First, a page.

In many parts of the world, mobile banking provides a solution to the problem of bringing financial services to the rural poor. Countries like India, China and Bangladesh have put more resources into developing mobile infrastructure than improving landlines. The environmental benefit of a push towards more mobile banking is enormous, but there is also a societal benefit. For instance, in India banking initiatives launched by State Bank of India (SBI) have enabled millions of Indians to use their mobile phones to bank in areas where there are no branch offices. The unbanked or underbanked living in rural areas now have the ability to tap into many of the same resources as people living in metropolitan areas. Even more important, mobile banking is proving to be one answer in the fight against poverty.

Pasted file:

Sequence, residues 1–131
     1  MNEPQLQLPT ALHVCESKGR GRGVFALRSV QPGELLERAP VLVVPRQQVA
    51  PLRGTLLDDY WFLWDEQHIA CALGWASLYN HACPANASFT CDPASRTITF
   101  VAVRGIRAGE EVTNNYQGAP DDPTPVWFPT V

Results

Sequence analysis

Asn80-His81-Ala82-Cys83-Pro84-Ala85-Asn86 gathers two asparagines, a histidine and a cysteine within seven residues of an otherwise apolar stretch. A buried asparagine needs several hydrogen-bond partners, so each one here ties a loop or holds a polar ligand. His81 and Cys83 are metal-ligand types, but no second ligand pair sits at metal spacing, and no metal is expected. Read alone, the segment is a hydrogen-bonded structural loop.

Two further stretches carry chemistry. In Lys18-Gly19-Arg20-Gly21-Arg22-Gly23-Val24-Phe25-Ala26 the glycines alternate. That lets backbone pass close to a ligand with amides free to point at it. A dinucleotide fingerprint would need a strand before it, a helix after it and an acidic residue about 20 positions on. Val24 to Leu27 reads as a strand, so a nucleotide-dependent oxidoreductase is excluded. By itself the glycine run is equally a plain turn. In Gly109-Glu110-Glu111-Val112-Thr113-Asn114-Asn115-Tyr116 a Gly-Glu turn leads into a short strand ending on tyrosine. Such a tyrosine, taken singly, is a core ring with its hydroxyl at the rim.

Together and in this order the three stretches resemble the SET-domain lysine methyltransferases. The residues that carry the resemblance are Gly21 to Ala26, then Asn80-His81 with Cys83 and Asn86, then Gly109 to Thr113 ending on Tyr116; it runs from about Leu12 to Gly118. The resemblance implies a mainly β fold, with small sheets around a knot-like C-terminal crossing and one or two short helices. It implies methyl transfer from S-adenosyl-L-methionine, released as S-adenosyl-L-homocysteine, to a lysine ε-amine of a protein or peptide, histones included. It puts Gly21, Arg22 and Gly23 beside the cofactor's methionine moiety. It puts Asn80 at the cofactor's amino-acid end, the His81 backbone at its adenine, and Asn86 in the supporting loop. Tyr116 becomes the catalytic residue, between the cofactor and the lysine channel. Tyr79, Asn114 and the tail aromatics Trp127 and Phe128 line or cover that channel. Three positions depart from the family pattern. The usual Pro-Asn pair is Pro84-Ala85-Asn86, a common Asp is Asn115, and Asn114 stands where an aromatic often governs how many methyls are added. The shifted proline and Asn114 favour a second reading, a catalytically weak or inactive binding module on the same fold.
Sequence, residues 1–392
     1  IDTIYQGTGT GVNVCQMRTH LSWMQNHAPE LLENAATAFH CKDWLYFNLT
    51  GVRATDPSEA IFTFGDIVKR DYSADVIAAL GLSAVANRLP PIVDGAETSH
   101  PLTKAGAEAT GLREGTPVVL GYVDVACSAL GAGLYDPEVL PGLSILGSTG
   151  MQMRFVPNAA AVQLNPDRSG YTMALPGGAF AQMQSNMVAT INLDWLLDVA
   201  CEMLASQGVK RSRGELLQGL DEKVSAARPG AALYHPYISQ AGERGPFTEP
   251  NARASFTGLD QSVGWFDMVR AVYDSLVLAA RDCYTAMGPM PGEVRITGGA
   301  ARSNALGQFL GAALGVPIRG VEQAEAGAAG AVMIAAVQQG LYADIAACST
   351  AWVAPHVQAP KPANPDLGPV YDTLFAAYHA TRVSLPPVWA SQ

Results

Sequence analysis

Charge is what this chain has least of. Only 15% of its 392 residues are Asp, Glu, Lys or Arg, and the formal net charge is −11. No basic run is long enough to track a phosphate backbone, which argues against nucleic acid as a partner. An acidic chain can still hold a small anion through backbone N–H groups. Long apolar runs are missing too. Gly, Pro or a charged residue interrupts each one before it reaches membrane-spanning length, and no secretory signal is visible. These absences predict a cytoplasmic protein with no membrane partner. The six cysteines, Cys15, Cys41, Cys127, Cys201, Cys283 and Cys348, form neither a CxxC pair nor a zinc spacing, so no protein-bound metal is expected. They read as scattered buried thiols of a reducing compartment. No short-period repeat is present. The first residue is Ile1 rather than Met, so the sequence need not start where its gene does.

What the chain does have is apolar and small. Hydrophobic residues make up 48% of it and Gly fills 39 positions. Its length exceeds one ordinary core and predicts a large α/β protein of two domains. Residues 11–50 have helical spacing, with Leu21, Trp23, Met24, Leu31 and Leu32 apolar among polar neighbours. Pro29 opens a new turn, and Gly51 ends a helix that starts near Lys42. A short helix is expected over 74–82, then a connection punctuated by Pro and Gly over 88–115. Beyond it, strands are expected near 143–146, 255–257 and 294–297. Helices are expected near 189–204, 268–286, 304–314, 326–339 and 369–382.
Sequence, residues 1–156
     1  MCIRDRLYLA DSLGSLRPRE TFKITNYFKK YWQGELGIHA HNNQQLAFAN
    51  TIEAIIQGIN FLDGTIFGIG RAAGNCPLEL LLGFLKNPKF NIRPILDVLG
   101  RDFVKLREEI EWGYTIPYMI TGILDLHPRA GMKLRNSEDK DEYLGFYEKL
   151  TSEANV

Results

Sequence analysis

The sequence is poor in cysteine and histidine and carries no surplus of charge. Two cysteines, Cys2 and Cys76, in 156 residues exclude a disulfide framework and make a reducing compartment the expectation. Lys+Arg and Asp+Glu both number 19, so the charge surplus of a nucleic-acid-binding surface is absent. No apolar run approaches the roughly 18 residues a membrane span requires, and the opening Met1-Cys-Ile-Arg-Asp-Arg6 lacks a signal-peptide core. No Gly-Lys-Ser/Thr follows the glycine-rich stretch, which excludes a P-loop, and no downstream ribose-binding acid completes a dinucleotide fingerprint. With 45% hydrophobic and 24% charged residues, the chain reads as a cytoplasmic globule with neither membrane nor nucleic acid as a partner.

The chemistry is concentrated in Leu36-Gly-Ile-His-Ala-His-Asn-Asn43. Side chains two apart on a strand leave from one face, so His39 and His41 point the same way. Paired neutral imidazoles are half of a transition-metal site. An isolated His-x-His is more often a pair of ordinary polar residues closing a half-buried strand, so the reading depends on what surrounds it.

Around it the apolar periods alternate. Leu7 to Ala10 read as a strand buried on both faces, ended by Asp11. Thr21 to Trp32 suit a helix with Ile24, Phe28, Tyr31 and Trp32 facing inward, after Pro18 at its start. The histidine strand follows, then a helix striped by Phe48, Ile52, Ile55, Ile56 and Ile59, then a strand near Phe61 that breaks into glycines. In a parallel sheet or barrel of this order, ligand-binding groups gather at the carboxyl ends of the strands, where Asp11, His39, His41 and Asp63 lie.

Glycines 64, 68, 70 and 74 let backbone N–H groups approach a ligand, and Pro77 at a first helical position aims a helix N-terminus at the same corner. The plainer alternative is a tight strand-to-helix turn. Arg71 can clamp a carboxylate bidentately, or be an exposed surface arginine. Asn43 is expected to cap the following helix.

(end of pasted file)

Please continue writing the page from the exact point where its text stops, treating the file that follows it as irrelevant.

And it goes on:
Helen DeBorg is a market analyst who covers mobile banking for RFPconnect.com in the United Kingdom. She notes the importance of mobile communication in the recent uprisings against repressive governments in North Africa. It would appear that the reliance on mobile devices will only increase in these countries and that mobile banking will continue to spread. In a strange paradox, a country with some of the most advanced technology in the world, the United States, has been slower to adopt mobile banking. That is starting to change this year with the popularity of the iPhone and iPad, but the U.S. still lags Asia and Europe. Commenting on the implementation of mobile banking in the U.S., Helen Deborg stated: